Retail: The Gazoline Stand / Paris
We refuel at a Parisian petrol station with great food, coffee and curiosities aplenty.
Visiting a petrol station is rarely a fulfilling experience. This is why entrepreneur Ramdane Touhami (who recently sold his perfume brand Officine Universelle Buly 1803 to LVMH) saw space to improve things when he found a rundown service station on Paris’s Boulevard des Invalides. It’s not just that it serves great coffee. There’s humour and oddity aplenty here, from the jovial staff to the pump made by cutlery brand Christofle.
“It’s a service station offering fuel for cars and humans,” says Touhami with a grin. “Unleaded petrol, diesel, sweets and curiosities.” The station, not far from Touhami’s home in the 7th arrondissement, didn’t look like much when it went up for sale, with its inventory confined to car air fresheners and tyre-pressure gauges.
The challenge of turning it into a place in which people were happy to linger was, above all, amusing to Touhami. He’s keenly aware of the environmental toll of refuelling but perhaps also of the need for some pragmatism when we talk about such things. Scrawled on the diesel pump in French – with tongue firmly in cheek – are the words “Not terrible for the planet”; the unleaded fuel pump reads, “Not awesome at all”.
“It’s a service station offering fuel for cars and humans. Unleaded petrol, diesel, sweets and curiosities”
The idea was to offer something younger and fresher than the conservative bars nearby and without the weight of expectation about what a Parisian institution should look like. It does no harm that the ironic and pop culture-laden branding seems made for social-media posts.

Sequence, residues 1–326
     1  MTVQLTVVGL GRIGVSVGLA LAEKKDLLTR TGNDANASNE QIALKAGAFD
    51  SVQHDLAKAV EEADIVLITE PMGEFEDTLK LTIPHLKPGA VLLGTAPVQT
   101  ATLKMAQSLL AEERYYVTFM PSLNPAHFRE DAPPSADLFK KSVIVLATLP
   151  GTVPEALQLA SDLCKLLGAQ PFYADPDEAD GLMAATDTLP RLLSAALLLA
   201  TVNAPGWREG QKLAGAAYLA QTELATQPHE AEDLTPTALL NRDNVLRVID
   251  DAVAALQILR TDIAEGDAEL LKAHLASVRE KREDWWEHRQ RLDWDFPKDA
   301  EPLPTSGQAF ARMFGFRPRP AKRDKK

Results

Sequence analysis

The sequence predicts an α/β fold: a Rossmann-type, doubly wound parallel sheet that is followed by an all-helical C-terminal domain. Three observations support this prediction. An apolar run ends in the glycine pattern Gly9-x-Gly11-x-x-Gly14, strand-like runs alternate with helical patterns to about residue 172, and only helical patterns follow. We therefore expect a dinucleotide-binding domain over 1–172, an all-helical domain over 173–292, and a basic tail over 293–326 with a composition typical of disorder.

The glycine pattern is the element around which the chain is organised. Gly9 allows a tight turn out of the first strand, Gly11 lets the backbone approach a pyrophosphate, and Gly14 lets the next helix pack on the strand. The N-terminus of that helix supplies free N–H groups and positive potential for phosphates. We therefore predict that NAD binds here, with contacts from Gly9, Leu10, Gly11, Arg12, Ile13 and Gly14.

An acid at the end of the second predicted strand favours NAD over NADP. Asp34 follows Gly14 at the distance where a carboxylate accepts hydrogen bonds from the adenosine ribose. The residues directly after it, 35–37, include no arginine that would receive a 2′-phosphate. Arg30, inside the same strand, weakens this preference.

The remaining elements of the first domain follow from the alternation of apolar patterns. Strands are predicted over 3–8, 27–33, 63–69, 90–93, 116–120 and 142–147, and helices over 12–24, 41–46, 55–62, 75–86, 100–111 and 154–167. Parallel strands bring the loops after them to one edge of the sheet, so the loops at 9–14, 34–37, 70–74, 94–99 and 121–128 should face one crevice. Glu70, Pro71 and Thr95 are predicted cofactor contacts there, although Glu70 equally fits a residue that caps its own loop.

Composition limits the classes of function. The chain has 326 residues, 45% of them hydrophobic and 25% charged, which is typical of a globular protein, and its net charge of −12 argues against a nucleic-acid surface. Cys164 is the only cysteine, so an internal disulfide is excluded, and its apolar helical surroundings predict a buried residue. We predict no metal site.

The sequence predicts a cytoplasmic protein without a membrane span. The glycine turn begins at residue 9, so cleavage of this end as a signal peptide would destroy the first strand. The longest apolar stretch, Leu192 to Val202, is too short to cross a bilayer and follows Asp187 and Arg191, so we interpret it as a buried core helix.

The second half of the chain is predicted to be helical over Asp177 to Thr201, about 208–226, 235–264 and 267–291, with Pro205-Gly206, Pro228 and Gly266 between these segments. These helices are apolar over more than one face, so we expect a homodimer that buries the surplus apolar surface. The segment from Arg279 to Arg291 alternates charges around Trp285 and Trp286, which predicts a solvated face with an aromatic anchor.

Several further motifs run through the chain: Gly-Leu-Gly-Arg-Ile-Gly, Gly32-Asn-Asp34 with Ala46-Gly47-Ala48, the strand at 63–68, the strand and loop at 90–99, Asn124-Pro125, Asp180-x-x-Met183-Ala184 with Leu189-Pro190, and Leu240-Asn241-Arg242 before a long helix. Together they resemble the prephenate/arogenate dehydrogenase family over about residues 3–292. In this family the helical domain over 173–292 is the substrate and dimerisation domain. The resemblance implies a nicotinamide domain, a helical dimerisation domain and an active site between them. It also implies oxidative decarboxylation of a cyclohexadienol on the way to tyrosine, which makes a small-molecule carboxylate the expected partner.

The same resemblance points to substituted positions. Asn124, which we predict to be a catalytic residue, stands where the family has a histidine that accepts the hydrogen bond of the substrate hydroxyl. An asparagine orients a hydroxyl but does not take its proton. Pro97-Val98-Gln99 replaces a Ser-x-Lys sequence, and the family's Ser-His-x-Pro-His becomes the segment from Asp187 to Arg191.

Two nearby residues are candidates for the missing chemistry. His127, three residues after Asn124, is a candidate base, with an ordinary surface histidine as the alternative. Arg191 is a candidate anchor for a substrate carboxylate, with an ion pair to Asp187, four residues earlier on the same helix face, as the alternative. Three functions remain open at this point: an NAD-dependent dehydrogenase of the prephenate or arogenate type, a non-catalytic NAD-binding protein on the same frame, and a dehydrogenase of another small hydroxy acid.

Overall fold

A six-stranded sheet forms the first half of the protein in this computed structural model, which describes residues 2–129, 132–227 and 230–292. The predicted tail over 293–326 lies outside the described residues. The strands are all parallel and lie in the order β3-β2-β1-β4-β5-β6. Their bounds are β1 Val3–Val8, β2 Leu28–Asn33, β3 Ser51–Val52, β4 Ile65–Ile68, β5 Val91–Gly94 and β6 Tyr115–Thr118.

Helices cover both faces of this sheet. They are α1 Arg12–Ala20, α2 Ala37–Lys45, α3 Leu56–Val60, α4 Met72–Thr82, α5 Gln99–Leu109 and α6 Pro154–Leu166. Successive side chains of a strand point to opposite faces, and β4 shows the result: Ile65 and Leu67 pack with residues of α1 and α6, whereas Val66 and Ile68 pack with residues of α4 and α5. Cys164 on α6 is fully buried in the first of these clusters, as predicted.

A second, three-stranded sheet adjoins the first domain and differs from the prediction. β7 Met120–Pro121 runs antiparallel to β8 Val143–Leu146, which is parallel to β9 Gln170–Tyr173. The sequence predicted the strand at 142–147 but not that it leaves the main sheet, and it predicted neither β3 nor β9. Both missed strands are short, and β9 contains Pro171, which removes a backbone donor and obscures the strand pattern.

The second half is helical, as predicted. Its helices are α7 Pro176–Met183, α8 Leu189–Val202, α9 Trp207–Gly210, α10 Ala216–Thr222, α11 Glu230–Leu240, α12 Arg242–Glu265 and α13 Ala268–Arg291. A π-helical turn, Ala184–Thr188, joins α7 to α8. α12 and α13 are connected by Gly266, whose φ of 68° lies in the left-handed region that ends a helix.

As well as a range of automotive tools that drivers might actually need, there is a selection of 30 Japanese and international soft drinks (lemon drop sounds rather nice, olive less so) plus Super Mario chewing gum, raspberry Kit Kats and a newsstand very well stocked with national and Parisian titles. Beyond this is stationery, from pens to notepads deriding the use of taxis, and ironic keyrings, T-shirts, funky car mats and a few cycling accessories.
The menu is less about novelty than great dishes made with regional ingredients by the Japanese head chef. The kitchen turns out sweet or savoury crêpes and what might be Paris’s best hotdogs, with a choice of 10 house-concocted sauces.
The real art here has been Touhami’s ability to turn an ageing eyesore into a bustling breakfast and lunch (and petrol) spot between 07.00 and 19.00. The at times over-the-top branding won’t be to everyone’s taste but the crêpes and coffee probably will be.
17 Boulevard des Invalides, 75007 Paris